The two consultants of foryouandyourcustomers, Stefan Berner and Christian Bühlmann, wrote a book on information cartography last year. Those who read the book will not only get an introduction to the theory of information modelling and information cartography, but a practical guide on how to use the methods beneficially in a company. In the first part of the interview, the authors discuss information cartography as a method. In the second part, they tell what effect book writing has had on their understanding of the method and their work with clients.
In the first part of the interview, Stefan Berner and Christian Bühlmann outlined information cartography as a method. They showed which companies should use it under which circumstances. In the second part, the authors tell us what effect the discussion of the topic has had on their understanding of the method and their work as consultants.
Working on their understanding of the method and catching the source of ideas
On the one hand, you wrote the book together to present information cartography and make it accessible to a larger audience. On the other hand, the idea of foryouandyourcustomers was also that there should be a kind of methodological succession plan. What is meant by that?
Berner: I came to foryouandyourcustomers because of my first book on information modelling. The founder and president of the company, Jonathan Möller, wanted to build the book into the company's method framework. I was able to train many people, make additions and enhancements to the model, and service clients. However, I have the greyest hair among the staff and will soon be stepping down. My motivation for writing the book was to be able to establish, disseminate and pass on the knowledge to new people, internally and to people around the world who would benefit from it.
Bühlmann: For me, the book is an occasion to record, compress, refine and sharpen knowledge. The collaboration between Stefan and me consists, on the one hand, of information modelling as the methodological core, more Stefan's terrain, and on the other hand, of information cartography as the discipline that envelops the whole and embeds it in the organisation, where I see my strength. We have applied both elements in client projects and have now processed these individual cases into the book, bringing the knowledge to a generic level.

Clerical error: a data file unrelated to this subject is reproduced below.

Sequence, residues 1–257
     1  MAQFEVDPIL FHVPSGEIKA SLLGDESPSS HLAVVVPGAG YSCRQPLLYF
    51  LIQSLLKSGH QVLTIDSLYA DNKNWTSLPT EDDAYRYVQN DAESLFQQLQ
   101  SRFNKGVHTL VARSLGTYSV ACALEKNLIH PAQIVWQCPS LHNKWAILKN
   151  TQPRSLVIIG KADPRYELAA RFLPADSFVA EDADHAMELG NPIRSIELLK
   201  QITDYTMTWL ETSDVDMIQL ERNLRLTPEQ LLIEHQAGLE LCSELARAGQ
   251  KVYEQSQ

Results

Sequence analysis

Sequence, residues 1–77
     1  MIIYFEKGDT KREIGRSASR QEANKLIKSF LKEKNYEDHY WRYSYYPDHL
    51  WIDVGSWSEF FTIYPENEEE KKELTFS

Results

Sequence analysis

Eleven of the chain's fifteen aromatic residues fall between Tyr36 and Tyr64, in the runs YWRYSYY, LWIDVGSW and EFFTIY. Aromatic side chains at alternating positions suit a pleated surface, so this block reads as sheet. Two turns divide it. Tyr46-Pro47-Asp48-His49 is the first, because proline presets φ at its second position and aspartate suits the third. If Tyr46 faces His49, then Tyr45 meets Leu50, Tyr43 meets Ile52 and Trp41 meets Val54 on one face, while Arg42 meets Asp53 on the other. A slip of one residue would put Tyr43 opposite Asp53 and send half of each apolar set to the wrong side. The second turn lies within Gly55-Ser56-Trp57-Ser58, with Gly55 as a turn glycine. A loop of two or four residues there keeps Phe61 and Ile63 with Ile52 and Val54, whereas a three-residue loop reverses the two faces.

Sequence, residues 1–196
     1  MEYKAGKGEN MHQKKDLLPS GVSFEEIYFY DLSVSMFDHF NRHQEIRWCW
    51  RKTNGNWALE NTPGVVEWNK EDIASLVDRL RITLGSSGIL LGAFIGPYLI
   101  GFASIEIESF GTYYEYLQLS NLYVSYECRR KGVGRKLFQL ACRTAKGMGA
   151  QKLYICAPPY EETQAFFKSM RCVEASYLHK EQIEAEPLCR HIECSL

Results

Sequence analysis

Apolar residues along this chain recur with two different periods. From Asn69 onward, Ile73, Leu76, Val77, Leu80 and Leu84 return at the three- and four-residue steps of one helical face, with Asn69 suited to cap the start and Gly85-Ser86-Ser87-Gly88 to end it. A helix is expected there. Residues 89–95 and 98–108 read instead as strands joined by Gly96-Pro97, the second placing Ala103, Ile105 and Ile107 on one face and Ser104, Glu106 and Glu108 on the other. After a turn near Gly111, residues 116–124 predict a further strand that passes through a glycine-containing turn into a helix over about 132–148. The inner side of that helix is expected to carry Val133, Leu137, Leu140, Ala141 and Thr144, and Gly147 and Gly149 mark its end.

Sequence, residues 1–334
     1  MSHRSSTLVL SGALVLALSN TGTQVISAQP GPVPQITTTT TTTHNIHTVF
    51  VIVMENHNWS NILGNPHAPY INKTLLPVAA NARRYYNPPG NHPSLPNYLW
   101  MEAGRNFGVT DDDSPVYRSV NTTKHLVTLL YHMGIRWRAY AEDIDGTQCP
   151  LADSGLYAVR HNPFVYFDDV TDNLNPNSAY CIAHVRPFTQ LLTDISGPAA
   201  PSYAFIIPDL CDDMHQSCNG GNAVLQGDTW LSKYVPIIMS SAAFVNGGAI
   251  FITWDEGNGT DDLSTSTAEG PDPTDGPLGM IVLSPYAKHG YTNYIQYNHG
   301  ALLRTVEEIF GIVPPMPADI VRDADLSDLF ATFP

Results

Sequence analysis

The book project is also an experiment with the so-called source function. Stefan is the source of the information model. I see myself more as a container for this source. I don't think I can take over Stefan's source function as it is. You can surely develop the method further in certain corners and ends, but it is already there and comprehensively described in Stefan's first book. Now we have made the container all around with our book. However, I will never be the Stefan Berner – that is my realisation. You can't do that, although we have written a book together.
Berner: I have 30 years of experience with this model. I didn't make it up out of thin air but I have been doing it in one form or another for 30 years and finally condensed it into my first book. No one can catch up with this experience so quickly; they have made their own. At foryouandyourcustomers, the source of an idea is the person who brought it in, who bubbles. I like the metaphor because a spring – water coming out of the ground – is all well and good, but the water seeps away again. Only if you capture the spring, you can use the water, be it drinking water, a river, a swimming lake or a dam. Everything that bubbles up only has value when you can take it further in some form. That is part of our book, namely to capture the source idea of the shared language so that you can bring it into a business context. The method can be applied in any field.
„At foryouandyourcustomers, the source of an idea is the person who brought it in, who bubbles. If you catch a spring, you can make something out of it.“ Stefan Berner
You are working intensively with the designer Sabina Loacker on the layout of the book, the graphics and the visual language. To what extent has your understanding of information cartography changed in this process?
Bühlmann: We sometimes couldn't find an image to go with a statement. With the question of what information cartography and information modelling are and how they relate to each other, we wandered around for a long time and couldn't find anything suitable. That showed me that if we can't transfer it from the textual, where the description succeeds, to the visual, it is not yet mature. It needs a transformation from the text to the visual, but the visual is much more unforgiving. In the text, no one gave us hard-hitting feedback. With the visual, they looked at it and said they didn't understand it. That's why the visual is so valuable. I love the way we work with Sabina. The design is not done downstream, but we have to convey our idea to Sabina so she can create something visual out of it. If we fail to convey an idea, nothing comes out of it.